Thermal process with additional drying provides proper lethality for controlling pathogens during jerky production
Cattlemen's Day, 2009; Report of progress (Kansas State University. Agricultural Experiment Station and Cooperative Extension Service); 1010; Kansas Agricultural Experiment Station contribution ; no. 09-168-S; Beef; Cattle; Jerky Products
The New Mexico Department of Health linked salmonellosis to beef jerky in 2003 after 26 individuals became ill; this prompted a recall of nearly 21,600 lb of product. Following this incident, the USDA's Food Safety and Inspection Service instituted the Compliance Guideline for Meat and Poultry Jerky Produced by Small and Very Small Plants in 2004 and updated this document in 2007 with the Quick Guide on Jerky Processing. The Quick Guide states that water activity for jerky products should be ≤ 0.85 for safety and a moisture-to-protein ratio (MPR) must be ≤ 0.75:1 for product to be labeled as jerky. Small meat processing businesses that produce jerky products must validate that their processes achieve a ≥5-log reduction of Escherichia coli O157:H7 and a ≥6.5-log reduction of Salmonella spp. Therefore, the objective of this study was to determine effects of a worst-case scenario thermal processing schedule on reducing E. coli O157:H7 and Salmonella spp. in chopped and formed beef jerky.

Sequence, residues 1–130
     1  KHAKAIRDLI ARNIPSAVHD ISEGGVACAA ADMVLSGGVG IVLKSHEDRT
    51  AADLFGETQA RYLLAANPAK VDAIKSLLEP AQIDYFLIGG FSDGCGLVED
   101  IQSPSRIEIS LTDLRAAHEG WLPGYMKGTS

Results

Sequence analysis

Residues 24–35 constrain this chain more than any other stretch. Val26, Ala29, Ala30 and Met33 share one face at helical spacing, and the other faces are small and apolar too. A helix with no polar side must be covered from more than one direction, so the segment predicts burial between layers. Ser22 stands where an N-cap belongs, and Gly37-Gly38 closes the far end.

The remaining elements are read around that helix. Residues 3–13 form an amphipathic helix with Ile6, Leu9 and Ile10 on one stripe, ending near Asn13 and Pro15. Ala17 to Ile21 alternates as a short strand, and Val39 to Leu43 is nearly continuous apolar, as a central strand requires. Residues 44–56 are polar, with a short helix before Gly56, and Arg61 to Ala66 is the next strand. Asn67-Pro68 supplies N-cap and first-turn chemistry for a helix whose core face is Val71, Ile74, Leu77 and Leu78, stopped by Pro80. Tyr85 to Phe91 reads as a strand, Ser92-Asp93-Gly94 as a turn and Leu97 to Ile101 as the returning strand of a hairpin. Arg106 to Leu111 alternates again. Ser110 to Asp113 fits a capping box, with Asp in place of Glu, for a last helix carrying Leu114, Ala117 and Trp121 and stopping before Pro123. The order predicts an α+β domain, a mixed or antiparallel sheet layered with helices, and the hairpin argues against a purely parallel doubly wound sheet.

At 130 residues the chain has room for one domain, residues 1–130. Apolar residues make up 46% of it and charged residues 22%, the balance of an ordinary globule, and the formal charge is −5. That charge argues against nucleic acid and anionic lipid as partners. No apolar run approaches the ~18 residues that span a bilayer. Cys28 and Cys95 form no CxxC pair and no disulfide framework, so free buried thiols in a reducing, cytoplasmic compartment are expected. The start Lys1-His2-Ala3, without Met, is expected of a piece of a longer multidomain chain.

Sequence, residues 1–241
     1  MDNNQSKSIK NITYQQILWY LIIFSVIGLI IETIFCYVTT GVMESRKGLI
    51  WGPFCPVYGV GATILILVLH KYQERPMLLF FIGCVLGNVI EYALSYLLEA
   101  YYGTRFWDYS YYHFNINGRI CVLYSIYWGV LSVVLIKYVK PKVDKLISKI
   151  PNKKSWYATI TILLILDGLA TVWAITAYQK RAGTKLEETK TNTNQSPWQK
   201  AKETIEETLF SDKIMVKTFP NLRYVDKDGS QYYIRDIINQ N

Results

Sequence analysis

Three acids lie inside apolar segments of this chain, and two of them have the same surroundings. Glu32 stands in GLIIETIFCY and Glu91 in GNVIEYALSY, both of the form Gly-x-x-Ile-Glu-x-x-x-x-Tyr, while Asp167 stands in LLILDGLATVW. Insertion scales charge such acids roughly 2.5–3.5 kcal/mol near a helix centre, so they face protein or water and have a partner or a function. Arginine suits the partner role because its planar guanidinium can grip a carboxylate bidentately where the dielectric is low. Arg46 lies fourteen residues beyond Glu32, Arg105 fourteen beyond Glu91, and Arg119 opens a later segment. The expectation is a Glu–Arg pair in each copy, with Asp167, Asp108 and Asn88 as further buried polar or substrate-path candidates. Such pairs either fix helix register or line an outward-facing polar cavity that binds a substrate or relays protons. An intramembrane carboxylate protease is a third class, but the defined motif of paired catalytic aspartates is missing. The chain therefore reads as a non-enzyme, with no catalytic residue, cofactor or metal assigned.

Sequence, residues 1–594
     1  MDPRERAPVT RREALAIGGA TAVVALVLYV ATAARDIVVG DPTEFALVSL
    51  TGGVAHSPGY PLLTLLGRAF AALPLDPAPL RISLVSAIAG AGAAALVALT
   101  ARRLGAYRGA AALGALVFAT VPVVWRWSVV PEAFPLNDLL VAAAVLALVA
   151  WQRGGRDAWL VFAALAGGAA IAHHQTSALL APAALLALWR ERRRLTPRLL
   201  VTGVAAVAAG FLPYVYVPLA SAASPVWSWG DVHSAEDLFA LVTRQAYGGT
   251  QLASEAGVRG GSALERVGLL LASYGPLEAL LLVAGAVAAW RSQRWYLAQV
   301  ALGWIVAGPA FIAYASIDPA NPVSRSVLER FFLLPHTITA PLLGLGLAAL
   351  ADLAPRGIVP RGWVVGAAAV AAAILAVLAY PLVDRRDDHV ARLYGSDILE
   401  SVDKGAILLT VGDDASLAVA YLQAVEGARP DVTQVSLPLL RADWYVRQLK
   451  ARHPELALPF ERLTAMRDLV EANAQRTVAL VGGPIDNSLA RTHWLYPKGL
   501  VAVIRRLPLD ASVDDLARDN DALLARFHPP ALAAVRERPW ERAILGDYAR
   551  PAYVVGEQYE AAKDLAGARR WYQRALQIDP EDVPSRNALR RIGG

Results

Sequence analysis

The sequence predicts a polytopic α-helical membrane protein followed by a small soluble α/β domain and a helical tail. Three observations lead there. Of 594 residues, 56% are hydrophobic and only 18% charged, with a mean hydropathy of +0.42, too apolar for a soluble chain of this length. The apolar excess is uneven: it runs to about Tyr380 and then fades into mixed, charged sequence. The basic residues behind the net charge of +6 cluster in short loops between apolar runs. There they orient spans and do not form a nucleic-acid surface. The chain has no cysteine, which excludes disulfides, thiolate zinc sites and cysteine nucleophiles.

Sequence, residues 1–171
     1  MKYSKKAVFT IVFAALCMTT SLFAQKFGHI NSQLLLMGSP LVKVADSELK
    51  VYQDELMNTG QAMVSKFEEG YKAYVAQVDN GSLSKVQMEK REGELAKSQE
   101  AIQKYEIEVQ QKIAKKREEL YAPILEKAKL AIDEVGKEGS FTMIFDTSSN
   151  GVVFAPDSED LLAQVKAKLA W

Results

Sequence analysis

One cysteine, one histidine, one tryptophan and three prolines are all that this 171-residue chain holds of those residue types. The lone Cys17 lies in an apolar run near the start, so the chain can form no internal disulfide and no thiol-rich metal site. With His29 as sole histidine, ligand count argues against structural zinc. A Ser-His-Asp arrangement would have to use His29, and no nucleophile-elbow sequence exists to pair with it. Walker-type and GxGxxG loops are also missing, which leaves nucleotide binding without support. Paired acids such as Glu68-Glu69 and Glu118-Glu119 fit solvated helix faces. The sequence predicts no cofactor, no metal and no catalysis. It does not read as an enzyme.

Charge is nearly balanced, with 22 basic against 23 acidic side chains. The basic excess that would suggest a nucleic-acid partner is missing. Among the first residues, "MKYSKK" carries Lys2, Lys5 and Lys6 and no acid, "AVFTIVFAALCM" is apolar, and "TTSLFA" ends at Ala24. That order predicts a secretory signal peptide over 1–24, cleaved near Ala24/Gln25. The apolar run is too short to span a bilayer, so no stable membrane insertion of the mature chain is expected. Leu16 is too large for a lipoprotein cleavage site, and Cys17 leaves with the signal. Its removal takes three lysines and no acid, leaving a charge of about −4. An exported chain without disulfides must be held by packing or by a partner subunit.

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Getty, Kelly J.K.; Harper, N.M.; and Boyle, Elizabeth A.E.
"Thermal process with additional drying provides proper lethality for controlling pathogens during jerky production,"
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